Improved Economics of Extractive Enzyme Recovery by Recycling: A Case Study
A wide variety of enzymes and other biologically active proteins have been isolated by aqueous phase extraction  and the technology is already applied in industry. The technique has several advantages; a drawback is the relatively high consumption of chemicals to form the aqueous phases which becomes significant in large scale production. The economics of recovery, however, may be improved by reusing the phase-forming chemicals as has already been demonstrated in batch  and also in continuous operation with batchwise recycling . We have also been investigating the feasibility of continuous recycling and some results are presented here. The isolation of the enzyme fumarase from S. cerevisiae was adopted as a model. The separation was carried out continuously in a phase system comprising PEG (MW 1500) and potassium phosphate in 2 consecutive stages, a first stage which removes cell debris, DNA and other proteins, and a second stage for the further purification of the enzyme and the recovery of PEG . The isolation was carried out in a computerised pilot-scale plant with a capacity of approximately 100 1/h total liquid throughput or 150 tonnes per annum wet cell mass. The phases were separated by centrifugal separators of type SA-1 (E-factor of 1460 m2) (Westfalia Separator AG, Oelde, FRG) see . The top (PEG-rich) phase from the second stage was recycled continuously to the first stage  while monitoring the protein and enzyme levels automatically in 3 streams.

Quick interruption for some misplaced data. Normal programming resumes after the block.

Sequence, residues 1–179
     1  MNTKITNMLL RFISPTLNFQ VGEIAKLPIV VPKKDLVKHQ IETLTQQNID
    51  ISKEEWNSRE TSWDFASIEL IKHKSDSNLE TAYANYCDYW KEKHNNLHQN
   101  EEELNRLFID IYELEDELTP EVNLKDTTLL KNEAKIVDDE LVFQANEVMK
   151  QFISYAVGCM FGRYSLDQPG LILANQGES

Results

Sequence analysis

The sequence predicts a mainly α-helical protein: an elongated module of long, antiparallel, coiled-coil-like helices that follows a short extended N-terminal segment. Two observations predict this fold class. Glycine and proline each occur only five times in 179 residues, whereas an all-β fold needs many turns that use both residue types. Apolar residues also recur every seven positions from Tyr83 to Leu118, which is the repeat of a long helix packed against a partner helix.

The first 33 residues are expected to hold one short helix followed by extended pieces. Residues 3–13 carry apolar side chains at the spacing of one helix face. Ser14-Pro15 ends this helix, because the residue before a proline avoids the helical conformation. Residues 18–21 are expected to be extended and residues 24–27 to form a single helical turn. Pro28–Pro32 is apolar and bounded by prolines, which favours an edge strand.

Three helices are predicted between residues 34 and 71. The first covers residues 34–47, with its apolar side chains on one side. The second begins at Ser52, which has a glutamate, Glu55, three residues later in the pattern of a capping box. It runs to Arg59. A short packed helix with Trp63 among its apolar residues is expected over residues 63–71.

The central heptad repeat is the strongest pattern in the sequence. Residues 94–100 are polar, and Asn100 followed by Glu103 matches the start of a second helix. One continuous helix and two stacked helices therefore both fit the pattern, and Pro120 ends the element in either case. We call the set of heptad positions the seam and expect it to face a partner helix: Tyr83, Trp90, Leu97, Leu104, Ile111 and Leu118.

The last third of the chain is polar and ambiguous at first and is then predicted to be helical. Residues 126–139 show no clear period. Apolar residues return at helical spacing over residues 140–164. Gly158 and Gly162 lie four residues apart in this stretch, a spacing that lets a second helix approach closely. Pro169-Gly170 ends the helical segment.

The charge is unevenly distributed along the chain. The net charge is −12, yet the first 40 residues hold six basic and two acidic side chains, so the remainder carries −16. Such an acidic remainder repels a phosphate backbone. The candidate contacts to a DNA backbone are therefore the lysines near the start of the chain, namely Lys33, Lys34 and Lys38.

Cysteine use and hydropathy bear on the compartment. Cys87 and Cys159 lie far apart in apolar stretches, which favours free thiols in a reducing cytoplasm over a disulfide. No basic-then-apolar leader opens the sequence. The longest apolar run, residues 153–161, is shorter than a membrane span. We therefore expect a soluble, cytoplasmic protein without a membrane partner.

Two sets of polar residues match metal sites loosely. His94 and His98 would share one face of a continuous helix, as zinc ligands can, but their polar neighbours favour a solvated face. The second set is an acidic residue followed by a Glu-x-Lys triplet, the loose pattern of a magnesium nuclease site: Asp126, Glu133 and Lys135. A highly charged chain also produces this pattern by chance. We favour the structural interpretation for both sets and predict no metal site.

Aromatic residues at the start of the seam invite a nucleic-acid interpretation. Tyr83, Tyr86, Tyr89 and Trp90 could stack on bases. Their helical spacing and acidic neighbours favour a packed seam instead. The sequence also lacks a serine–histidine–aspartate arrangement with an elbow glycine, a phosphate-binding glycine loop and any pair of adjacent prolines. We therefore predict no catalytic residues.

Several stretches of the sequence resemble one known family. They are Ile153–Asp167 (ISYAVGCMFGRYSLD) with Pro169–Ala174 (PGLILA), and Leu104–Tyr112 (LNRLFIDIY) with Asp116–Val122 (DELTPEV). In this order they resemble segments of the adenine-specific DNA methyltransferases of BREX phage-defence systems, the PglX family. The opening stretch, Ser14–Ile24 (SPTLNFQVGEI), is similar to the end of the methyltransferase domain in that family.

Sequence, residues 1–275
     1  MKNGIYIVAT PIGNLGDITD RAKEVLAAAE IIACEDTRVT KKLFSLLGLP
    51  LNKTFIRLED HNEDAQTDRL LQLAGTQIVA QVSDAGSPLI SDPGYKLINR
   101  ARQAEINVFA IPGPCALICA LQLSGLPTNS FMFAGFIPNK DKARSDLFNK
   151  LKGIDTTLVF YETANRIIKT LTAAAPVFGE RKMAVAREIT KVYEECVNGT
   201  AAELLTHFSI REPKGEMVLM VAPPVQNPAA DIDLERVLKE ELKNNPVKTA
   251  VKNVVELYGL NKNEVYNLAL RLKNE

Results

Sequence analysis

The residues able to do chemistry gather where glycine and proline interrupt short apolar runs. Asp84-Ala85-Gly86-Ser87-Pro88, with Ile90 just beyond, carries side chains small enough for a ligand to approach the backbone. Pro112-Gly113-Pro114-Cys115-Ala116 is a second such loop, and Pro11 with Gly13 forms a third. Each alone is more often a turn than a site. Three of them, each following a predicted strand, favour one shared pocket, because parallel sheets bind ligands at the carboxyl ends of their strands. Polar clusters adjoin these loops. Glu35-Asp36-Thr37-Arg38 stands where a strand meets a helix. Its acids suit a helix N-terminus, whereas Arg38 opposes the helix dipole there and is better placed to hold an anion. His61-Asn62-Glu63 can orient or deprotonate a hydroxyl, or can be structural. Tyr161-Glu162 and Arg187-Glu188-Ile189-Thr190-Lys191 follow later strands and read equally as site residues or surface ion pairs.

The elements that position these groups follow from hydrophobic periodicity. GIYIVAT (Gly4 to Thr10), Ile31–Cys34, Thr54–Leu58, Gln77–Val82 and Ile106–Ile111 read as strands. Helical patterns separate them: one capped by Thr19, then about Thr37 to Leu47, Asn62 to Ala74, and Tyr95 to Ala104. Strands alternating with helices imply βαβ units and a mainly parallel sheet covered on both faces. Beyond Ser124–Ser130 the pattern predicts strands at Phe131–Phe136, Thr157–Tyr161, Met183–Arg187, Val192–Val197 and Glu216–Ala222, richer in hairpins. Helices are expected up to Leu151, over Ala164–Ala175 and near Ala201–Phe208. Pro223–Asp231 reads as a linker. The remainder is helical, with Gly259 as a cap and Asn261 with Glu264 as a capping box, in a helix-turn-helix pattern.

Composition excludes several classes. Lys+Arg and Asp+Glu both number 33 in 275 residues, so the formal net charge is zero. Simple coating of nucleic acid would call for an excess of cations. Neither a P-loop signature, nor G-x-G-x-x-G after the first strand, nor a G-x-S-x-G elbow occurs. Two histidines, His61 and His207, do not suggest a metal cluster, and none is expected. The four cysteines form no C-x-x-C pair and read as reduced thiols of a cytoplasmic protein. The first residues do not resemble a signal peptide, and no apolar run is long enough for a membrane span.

KeywordsPotassium Phosphate Utility Cost Remove Cell Debris Consecutive Stage Centrifugal Separator
Unable to display preview. Download preview PDF.
- 3.H. Hustedt, unpublished resultsGoogle Scholar
- 4.H. Hustedt, K.H. Kroner and N. Papamichael, in: “Separations Using Aqueous Phase Systems: Applications in Cell Biology and Biotechnology,” D. Fisher and I.A. Sutherland, eds., Plenum, New York (1989)Google Scholar
- 5.K.H. Kroner, H. Hustedt and M.-R. Kula, Proc. Biochem. 19:170 (1984)Google Scholar